Bar code scanners are electro-optical systems that include a means of
illuminating the symbol and measuring reflected light. The light waveform data
is converted from analog to digital, in order to be processed by a decoder
(which is either built into the scanner, or a separate plug-in device), and then
transmitted to the computer-based application software.
either handheld or fixed-mount. Typically, handheld scanners are used to read
bar codes on stationary items. With fixed-mount scanners, items having a bar
code are passed by the scanner — by hand as in retail scanning applications, or
by conveyor belt in many industrial applications.
Handheld scanners offer
three different technology choices:
- CCD (charge-coupled device) scanners use a stationary flood of light [usually Light
Emitting Diodes (LEDs)] to reflect the symbol image back to an array of
photosensors. Many CCD-based handheld image readers are capable of reading 2D
matrix as well as stacked and linear bar code symbols.
- Laser scanners employ a beam created by a laser diode that is spread into a horizontal arc by
means of a rapidly moving mirror. Though the light sweeps at about 40 scans per
second, it appears (if it is in the visible light spectrum) as a single line.
Laser scanners that operate in the invisible infrared spectrum use some means of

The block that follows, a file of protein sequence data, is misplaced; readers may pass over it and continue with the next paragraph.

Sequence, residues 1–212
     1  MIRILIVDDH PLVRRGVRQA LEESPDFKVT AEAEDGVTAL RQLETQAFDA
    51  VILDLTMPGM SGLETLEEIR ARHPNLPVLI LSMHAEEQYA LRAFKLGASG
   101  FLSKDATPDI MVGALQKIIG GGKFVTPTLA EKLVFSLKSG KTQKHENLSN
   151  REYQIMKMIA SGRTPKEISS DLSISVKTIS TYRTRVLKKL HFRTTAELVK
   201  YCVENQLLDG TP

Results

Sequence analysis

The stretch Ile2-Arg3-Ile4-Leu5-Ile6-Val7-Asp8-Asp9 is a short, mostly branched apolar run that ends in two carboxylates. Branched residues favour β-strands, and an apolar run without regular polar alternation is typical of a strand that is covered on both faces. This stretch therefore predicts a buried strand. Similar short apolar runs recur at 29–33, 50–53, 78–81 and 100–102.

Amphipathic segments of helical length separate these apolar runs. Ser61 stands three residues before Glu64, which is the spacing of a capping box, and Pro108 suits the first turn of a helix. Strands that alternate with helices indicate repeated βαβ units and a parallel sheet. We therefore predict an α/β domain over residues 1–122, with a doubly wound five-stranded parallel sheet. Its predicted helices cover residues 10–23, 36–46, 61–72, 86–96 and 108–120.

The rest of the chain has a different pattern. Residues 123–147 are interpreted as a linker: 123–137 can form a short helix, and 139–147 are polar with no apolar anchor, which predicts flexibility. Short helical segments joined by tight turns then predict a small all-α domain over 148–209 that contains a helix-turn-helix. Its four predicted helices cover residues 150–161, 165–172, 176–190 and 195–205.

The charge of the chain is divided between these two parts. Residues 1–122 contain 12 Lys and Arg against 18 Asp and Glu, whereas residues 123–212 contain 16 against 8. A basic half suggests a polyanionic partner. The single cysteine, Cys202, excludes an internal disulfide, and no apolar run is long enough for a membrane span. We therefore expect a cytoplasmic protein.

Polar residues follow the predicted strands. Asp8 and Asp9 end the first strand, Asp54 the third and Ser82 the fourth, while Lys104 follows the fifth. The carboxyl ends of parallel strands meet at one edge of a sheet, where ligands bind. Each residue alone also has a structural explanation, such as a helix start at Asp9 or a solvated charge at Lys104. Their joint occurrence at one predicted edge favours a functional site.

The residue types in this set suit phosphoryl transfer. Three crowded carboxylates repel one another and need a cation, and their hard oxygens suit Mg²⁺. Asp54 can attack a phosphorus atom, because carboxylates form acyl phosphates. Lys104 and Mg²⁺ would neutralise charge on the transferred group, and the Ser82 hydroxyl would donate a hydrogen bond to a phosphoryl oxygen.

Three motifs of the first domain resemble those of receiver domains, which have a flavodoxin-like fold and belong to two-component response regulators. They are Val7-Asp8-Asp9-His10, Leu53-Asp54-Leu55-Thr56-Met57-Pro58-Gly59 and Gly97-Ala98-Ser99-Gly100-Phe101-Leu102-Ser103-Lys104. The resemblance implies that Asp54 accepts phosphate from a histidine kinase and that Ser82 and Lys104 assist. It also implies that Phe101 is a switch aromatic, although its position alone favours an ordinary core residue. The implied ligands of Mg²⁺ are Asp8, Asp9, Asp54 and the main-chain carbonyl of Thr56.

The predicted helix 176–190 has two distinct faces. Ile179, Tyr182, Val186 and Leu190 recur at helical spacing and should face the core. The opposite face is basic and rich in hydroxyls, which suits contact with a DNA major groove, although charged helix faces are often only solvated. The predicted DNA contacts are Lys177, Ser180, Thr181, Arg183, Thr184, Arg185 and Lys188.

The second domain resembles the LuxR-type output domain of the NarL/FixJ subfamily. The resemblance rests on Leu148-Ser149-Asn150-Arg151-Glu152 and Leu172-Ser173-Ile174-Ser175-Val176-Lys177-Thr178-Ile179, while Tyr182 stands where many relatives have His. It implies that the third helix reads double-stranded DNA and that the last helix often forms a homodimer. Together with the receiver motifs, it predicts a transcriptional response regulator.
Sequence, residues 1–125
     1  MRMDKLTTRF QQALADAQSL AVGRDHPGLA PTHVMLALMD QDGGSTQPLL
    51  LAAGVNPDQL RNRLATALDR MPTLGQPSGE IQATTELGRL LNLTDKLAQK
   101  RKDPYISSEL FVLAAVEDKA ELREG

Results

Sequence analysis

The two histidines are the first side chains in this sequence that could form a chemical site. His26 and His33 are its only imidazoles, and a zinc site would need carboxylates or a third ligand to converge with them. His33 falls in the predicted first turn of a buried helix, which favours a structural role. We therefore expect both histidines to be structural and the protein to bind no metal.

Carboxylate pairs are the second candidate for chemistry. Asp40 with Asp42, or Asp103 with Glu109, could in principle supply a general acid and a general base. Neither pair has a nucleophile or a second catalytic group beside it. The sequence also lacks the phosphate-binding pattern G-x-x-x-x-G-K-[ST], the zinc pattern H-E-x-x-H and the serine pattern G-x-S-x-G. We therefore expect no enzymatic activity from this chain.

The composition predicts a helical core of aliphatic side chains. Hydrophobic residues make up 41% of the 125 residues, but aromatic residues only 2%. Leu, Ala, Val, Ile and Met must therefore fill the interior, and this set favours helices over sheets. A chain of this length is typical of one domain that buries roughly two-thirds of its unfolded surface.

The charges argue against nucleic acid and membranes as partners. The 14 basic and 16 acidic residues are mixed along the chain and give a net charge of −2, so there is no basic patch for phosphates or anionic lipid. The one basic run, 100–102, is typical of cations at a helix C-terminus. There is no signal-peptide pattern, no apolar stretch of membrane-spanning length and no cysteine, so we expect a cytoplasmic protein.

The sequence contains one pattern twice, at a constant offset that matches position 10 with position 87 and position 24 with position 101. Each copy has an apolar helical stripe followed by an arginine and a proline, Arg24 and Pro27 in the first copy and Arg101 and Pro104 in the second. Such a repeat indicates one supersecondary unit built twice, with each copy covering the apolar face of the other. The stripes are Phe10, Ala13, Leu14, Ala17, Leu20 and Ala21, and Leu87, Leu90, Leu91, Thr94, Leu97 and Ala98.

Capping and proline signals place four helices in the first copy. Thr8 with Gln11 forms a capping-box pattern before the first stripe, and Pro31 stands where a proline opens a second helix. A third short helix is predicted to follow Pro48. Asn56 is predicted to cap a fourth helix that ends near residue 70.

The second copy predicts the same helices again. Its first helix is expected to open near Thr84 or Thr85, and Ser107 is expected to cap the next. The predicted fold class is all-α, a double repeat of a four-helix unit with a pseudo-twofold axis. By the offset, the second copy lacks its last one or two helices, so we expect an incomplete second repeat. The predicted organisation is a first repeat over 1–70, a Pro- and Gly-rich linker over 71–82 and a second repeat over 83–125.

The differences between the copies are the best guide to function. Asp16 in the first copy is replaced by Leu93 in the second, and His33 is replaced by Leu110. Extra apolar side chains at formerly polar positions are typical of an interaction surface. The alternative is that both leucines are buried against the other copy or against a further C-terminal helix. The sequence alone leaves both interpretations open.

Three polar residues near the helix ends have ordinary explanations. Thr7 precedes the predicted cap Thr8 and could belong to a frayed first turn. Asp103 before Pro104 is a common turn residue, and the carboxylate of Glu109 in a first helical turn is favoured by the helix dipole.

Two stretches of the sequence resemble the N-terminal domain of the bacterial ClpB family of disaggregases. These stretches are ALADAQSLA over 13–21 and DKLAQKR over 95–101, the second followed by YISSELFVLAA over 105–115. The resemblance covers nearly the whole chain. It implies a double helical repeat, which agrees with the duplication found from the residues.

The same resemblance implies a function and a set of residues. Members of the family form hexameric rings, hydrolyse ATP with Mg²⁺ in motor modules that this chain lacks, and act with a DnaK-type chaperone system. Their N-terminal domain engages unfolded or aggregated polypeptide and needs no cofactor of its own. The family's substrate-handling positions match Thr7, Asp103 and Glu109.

auxiliary lighting that enables users to aim the laser beam. Revolving polygons
or oscillating mirrors may also be employed to produce a more sophisticated
rastered, cross hatched, or starburst pattern laser beam for improved
readability and omni-directional laser scanning.
- Contact wand is a pen-shaped
device with a light aperture tip that the user draws across the bar code.
Contact wands were some of the earliest bar code scanners and require some
practice to achieve the proper degree of tilt and correct motion speed for a
successful read. Wand scanners are not very common in the marketplace
Fixed-mount scanners use either moving-beam laser or CCD
technology (often referred to as "machine vision" or "vision-based" technology
in the fixed-mount configuration).
Laser fixed-mount scanners are most familiar
at grocery checkout. They are also used widely in work-in-process (WIP)
manufacturing applications and in warehousing and distribution, sortation, and
shipping applications. Very small fixed-mount scanners are commonly used in
laboratory and process control applications. Overhead or side-mounted laser
scanners are most commonly used across all industries, but fixed-mount
vision-based scanners are also used in high-speed sortation.
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